23 Sandhill Cranes (SACR) flew from the south to the north, decently high up, west of me, standing near the north side of the ONWR visitors center. The cranes appeared to drop down at northwest part of ONWR. I heard them first before seeing them flying. Great sound.
ETTI - brief song
Good activity along the south edge of the northwest woodlot. This area was protected from the wind. This woodlot contains a BAEA nest that has existed for several years. I'm unsure if it's active. The nest was located in the tallest tree in the woodlot, at the northeast corner of the woodlot.
Saw two ETTI forage low along the south edge of the northwest woodlot. One ETTI foraged on the ground. I have never seen an ETTI along the boardwalk near the Lake Erie beach at Magee Marsh, but ETTI can be found a short distance inland.
BAEA, young-ish, flying low over the northwest woodlot, west edge. Bird plumage was nearly full adult. It had a white head and tail or mostly white. But it still had some white on the underside.
A different immature BAEA perched on the edge of the nest located at the northeast corner of the NW woodlot. This eagle had a darker head and more white underneath when I saw it flying. I don't think that this means the eagle or eagles are using the nest. At one point as I walked through the NW woodlot, I saw two eagles flying low, close to each other along the east edge of the woodlot.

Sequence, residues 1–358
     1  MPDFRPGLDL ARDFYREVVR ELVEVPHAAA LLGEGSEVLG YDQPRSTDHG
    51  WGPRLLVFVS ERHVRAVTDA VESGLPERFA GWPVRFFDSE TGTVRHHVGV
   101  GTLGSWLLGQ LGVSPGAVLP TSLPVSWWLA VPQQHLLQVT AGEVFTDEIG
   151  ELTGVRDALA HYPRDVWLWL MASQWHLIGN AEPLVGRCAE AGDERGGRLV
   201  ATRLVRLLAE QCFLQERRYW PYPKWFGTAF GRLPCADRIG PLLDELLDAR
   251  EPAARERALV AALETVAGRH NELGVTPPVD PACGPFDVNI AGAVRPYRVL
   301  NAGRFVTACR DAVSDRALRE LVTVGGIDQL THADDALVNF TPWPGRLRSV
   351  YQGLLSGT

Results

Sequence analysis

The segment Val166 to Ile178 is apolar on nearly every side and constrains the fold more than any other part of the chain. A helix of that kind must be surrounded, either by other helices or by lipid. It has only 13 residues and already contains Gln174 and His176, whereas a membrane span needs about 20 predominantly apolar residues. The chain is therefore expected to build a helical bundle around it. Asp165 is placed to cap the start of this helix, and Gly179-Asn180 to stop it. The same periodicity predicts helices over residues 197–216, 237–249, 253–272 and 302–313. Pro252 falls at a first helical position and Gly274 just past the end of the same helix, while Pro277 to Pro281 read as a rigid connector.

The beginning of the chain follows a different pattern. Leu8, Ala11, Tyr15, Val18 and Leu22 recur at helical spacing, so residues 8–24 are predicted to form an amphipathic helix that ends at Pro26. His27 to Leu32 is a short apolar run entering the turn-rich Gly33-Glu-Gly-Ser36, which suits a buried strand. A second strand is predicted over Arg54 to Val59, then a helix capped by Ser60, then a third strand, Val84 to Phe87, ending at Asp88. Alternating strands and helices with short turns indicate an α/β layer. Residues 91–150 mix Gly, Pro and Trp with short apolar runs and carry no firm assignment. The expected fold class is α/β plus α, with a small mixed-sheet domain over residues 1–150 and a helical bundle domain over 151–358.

After leaving the NW woodlot and watching the eagle perched on the nest for a while, I walked north on the dike road. I sat for a bit on a small Aldo Leopold bench that faced west into the wind. Briskly comfortable. I need to make a couple of these for our backyard. After sitting for a little while, I continued north.
I flushed 12 to 14 Great Blue Herons that were apparently huddled around the small bits of open water, maybe the only open water that I saw. The herons flew up from the northwest corner of the rectangle "pond". I assume they were huddled against the bank, out of the wind.
I saw two more BAEA nests, located to the north and northwest.
I walked east along the dike road that borders the southern edge of the natural estuary. All water was frozen except for the GBHE spot.
I stood for a while at the northeast corner of this part of the refuge, along the southeast corner of the estuary, as far north as possible on the trail that runs straight out from the old ONWR parking log.
Seven Sandhill Cranes flew up from the northwest corner of the refuge, well away from me.
While out by the estuary, the weather was partly to mostly cloudy. Flat, wide cumulus clouds. Breezy. Virga or snow falling over Lake Erie, north - northeast of my location.
13 Sandhill Cranes lifted off from the northwest side of the estuary, beyond the estuary at another part of the refuge. The cranes flew southwest, and they called.
Cerulean blue sky, except greenish-blue sky near the horizon.
Sounded like Tundra Swans calling. Then I saw a few flying overhead, high up. The swans flew east to west over the estuary area. Bright white plumage against the vivid blue sky between the clouds. 10 Tundra Swans flew in two groups. One group of 6 and one of 4.
I took a few photos with my cell phone during the first part of my walk. But my phone "died" shortly after leaving the NW woodlot, around the time I sat on the Leopold bench. I kept the phone in a front pocket in my jeans. The phone was nearly charged when I left home. The cold caused the battery or the phone to shutdown. It would not restart while I was out.